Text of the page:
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Voluntary declarations in submitted manuscripts can describe gender balance in study samples, for example.

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Cell’s publisher invites statements in papers about studies’ diversity and inclusion efforts

After reading a paper about Amazonian frogs in May 2020, behavioral ecologist Daniela Roessler of Harvard University was astonished. The study named 27 authors, all male. The publication sparked an outcry on Twitter for more diversity in science. Roessler and colleagues then wrote a letter to journal publishers suggesting a way for authors to help advance that goal: publicly declare in their submitted manuscripts whether they had considered diversity, equity, and inclusion in the study.

Last week, Cell Press, publisher of more than 50 journals, became one of the first publlshers to invite authors to do so. The publisher—whose titles include the prestigious Cell, as well as Neuron and Current Biology—said the declarations can highlight authors’ personal characteristics or elements of a study’s design. These can include, for example, researchers’ use of ethnically diverse cell lines and genomic data sets and efforts to ensure gender balance in study samples and on lists of citations and authors.

Submitting such a declaration is not mandatory and will not affect whether submitted manuscripts are accepted for publication, Cell Press said.

“We see it as a way to acknowledge current authors who have worked to improve inclusion and diversity in science and encourage others to do more going forward,” said Deborah Sweet, vice president of editorial, in a statement. The company plans to track the diversity disclosures during the coming year to measure progress toward that outcome.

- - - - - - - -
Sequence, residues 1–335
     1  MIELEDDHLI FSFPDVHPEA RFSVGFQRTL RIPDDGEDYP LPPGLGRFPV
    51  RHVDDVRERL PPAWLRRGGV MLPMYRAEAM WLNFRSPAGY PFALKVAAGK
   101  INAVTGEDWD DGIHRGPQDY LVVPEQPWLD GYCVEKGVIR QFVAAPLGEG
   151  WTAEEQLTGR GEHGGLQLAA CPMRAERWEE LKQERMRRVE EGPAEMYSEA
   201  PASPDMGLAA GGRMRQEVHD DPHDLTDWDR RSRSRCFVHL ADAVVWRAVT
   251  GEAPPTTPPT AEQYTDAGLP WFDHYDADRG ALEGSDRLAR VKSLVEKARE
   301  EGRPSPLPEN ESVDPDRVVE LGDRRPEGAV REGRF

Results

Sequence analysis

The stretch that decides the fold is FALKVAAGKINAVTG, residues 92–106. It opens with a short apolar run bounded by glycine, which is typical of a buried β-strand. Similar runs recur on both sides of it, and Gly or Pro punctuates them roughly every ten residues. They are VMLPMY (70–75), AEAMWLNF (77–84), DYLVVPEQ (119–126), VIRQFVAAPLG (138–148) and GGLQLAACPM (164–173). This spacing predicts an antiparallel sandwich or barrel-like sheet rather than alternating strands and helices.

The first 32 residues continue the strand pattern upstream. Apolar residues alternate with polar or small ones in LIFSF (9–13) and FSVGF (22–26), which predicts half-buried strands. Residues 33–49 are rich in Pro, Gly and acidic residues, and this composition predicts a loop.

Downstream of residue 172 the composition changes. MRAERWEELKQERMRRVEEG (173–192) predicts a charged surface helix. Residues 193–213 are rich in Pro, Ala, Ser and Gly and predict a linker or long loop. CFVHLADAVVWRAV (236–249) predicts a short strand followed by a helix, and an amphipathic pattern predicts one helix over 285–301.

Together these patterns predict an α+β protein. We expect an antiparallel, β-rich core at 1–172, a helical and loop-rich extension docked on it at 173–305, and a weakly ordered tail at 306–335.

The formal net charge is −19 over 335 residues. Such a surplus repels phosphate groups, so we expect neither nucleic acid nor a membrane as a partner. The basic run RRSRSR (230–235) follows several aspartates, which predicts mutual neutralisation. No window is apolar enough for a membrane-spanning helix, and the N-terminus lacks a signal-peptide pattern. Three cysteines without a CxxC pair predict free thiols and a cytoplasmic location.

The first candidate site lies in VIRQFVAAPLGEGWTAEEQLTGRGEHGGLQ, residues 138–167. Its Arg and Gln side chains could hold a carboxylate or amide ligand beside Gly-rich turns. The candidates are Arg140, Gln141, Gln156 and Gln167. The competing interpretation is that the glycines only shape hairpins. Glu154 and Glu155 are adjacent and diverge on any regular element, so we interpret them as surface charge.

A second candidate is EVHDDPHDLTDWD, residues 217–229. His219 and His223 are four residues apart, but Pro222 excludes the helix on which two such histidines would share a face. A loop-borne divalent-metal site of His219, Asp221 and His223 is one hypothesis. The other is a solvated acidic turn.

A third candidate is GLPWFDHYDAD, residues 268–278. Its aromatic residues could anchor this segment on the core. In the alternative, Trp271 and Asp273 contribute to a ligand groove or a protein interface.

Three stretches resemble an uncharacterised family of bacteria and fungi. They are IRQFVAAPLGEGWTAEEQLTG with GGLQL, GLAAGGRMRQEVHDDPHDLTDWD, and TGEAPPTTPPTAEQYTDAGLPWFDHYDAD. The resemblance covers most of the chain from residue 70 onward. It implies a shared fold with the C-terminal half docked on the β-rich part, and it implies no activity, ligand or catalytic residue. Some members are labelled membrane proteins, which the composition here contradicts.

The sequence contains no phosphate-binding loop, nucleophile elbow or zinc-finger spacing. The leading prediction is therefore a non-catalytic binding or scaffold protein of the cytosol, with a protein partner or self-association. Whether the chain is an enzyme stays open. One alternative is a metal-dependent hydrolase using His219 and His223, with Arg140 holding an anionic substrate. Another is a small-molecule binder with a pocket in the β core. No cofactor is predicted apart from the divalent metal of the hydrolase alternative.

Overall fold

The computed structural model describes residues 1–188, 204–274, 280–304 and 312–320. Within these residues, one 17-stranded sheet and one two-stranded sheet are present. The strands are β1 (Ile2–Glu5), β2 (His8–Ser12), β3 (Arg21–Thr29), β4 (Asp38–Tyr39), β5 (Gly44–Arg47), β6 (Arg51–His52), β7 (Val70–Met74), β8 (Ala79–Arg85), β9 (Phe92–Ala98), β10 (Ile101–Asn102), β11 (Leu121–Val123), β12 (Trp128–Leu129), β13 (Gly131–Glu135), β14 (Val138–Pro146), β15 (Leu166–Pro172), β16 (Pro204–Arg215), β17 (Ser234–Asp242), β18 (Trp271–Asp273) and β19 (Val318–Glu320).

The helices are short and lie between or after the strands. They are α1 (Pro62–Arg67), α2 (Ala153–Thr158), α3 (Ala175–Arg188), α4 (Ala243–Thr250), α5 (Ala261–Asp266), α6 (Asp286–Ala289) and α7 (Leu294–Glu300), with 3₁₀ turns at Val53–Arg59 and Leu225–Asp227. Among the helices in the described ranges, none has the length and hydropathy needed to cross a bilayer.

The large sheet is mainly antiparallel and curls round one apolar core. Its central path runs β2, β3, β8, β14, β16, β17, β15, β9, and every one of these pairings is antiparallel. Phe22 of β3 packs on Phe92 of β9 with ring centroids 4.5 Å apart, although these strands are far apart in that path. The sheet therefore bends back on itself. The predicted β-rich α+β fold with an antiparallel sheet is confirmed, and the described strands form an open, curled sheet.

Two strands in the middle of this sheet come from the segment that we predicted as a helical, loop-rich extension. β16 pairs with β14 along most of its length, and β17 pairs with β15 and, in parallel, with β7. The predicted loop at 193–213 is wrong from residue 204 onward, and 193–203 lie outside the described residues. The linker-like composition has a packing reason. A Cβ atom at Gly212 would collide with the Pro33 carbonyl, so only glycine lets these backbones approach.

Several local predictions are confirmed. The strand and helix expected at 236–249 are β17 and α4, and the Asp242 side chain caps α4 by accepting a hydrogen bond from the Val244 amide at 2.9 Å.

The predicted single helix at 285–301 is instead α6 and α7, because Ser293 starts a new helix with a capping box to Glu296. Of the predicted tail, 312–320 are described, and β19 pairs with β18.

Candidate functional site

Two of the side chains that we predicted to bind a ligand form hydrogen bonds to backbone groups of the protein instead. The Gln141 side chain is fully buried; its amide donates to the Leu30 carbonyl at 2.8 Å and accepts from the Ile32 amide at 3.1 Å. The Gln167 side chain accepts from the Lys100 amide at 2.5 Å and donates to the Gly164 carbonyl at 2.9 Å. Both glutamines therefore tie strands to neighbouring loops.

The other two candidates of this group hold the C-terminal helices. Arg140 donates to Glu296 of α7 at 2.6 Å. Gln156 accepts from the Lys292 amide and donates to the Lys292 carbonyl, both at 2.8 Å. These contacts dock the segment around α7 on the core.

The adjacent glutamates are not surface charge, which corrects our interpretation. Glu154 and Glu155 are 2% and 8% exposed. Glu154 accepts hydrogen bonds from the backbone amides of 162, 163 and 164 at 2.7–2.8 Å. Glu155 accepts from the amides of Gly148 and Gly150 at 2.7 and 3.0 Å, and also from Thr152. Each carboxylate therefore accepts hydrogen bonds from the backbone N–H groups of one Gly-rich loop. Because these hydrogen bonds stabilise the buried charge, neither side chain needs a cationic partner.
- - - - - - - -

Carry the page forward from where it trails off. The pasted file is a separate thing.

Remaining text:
“I’m happy to see this transform into action,” Roessler said. In recent months, she and colleagues emailed more than 60 publishers pitching ideas to implement diversity statements. Many journals wrote back agreeing to discuss options with her or saying they would consider the suggestion. One of the journals they contacted, the ecology-focused Oikos, has begun to request that new authors confirm they adhered to their institutions’ best practices for promoting diversity in their studies and work life. The policy “is a gentle push,” said Pedro Peres-Neto, the journal’s strategic editor and a biologist at Concordia University in Montreal.

“These [manuscript] statements might arguably only be done by those who already understand the importance of equity, diversity, and inclusion,” Roessler said. “But giving it a place will increase the visibility and allow not only authors but also journals to take a public stand on the matter.”